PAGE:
It is fascinating to see Al Pacino, who has tended to play extremely powerful crime figures in The Godfather pictures, Scarface and Carlito's Way turn around and perform such a sad-sack. When he says to Donnie, “If you're a rat, then I'm the biggest fuckin' mutt in the history of the Mafia,” it is a moment that hurts Donnie because he knows that from the moment that his investigation has begun to bear fruit, Lefty is a dead man. The only reason why he isn't coming out after a certain point is because he knows this.

Johnny Depp's performance as Donnie Brasco/Joseph Pistone is brilliant, showing us the character gradually becoming that which he despises. His moral choices become a central theme of the film, and his motivations shift as he becomes unsure, not just of his own mission, but of his own identity. This was part of a string of interesting movies Depp was in at the time, including Jim Jarmusch's Dead Man, Roman Polanski's The Ninth Gate, Tim Burton's Ed Wood and others, and it is interesting to see how much of a chameleon he can be.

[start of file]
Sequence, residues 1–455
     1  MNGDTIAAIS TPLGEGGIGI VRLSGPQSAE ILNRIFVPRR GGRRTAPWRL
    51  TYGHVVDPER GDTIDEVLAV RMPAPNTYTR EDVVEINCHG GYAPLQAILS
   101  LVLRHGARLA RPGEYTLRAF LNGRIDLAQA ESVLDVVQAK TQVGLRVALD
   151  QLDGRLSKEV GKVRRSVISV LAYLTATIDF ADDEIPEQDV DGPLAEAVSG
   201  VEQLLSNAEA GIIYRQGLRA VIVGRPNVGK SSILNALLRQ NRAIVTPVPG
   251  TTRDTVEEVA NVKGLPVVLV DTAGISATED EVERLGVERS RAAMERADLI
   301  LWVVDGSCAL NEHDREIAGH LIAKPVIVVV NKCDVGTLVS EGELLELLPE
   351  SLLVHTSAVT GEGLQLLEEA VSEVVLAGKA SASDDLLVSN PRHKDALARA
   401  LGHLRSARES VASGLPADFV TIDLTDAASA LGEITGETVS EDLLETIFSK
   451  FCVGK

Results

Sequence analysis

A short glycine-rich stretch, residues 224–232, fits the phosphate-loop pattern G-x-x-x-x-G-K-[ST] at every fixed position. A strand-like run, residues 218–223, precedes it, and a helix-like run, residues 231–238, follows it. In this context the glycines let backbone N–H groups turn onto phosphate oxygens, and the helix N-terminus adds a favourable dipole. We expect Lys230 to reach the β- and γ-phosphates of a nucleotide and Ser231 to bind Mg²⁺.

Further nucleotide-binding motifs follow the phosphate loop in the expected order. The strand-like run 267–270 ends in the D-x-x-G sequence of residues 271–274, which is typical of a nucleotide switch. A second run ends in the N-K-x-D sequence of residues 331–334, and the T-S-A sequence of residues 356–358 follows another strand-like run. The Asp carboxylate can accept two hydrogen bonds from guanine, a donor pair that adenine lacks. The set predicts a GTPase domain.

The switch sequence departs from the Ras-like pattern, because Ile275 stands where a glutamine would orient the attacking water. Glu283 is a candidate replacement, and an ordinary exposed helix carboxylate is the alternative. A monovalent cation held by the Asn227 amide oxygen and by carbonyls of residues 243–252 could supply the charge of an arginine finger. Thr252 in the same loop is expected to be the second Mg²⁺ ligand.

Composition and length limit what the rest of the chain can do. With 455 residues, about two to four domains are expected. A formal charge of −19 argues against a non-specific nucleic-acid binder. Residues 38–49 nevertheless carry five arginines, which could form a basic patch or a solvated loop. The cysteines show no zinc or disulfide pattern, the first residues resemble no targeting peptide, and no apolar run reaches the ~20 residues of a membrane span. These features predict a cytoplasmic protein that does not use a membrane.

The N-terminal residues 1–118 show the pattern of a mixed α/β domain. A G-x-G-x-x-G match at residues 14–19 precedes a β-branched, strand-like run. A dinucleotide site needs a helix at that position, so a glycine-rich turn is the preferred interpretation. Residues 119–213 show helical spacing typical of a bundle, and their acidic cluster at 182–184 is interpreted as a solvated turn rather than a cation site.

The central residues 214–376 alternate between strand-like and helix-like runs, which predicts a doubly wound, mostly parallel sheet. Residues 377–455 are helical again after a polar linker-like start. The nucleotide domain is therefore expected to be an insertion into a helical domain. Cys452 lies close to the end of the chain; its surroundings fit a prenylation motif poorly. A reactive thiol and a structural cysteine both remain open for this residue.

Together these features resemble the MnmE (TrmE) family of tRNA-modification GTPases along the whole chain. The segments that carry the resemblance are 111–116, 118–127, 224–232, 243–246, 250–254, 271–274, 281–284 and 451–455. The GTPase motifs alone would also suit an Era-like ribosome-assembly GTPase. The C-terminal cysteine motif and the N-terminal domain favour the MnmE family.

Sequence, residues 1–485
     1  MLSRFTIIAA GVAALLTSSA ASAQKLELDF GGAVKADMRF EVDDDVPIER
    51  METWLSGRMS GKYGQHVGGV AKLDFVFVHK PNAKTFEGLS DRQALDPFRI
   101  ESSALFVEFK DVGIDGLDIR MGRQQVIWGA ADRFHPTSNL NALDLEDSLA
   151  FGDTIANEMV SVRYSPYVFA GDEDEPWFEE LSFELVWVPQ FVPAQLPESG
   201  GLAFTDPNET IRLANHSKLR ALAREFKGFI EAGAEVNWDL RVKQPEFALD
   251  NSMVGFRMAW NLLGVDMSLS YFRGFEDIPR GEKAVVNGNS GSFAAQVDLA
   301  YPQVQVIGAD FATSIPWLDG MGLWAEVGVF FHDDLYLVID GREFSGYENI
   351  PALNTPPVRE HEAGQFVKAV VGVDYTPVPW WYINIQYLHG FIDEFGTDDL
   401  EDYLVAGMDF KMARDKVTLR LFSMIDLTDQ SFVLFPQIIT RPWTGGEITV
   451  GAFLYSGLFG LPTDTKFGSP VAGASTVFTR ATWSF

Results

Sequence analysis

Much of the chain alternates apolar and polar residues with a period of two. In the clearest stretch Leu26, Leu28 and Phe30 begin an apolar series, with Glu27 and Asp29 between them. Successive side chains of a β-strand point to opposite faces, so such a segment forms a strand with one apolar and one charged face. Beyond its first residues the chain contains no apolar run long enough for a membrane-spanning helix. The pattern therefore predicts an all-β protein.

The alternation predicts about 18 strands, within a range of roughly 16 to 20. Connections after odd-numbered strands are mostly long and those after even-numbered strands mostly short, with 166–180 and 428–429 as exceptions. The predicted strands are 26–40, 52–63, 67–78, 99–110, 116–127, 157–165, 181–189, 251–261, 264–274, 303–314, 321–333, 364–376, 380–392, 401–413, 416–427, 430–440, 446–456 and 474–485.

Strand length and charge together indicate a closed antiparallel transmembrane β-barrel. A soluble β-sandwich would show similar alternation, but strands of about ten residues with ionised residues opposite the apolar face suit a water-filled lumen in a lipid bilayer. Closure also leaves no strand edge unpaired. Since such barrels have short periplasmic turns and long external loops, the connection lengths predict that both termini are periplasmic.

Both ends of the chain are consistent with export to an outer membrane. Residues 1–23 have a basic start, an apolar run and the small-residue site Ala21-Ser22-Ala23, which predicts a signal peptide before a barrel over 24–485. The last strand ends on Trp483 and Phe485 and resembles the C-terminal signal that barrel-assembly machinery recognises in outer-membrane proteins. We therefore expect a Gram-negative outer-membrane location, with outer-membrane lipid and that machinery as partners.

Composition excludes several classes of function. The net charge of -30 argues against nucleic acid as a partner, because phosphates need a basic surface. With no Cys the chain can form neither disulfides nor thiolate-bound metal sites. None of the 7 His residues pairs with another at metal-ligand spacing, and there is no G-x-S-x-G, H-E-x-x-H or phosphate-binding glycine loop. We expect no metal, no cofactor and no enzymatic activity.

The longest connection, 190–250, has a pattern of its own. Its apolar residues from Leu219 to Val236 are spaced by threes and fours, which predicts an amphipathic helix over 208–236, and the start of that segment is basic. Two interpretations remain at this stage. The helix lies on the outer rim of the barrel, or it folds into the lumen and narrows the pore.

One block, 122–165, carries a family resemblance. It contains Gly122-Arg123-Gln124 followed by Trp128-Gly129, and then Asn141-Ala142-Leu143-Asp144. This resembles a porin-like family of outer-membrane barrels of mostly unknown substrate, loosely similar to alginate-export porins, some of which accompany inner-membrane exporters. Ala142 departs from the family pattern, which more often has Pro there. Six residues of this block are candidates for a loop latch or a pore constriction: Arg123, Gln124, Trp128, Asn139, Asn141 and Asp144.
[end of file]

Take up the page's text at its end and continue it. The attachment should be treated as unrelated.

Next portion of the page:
I have the older DVD of the film, although I hope to update my copy with the new one eventually, partly because of all the special features, but also because, while this DVD was quite good when it came out, it has dated. The picture transfer is fantastic, but there are minor compression artifacts throughout, and the Dolby 5.1 track is only mastered at 384 kb/s, while the new edition has a Dolby 5.0 track mastered at 448 kb/s. I am also curious to hear about how the actors prepared for their roles, and whether or not Pacino and Depp may have bonded over their mutual respect for Marlon Brando.

The Jon Stewart Question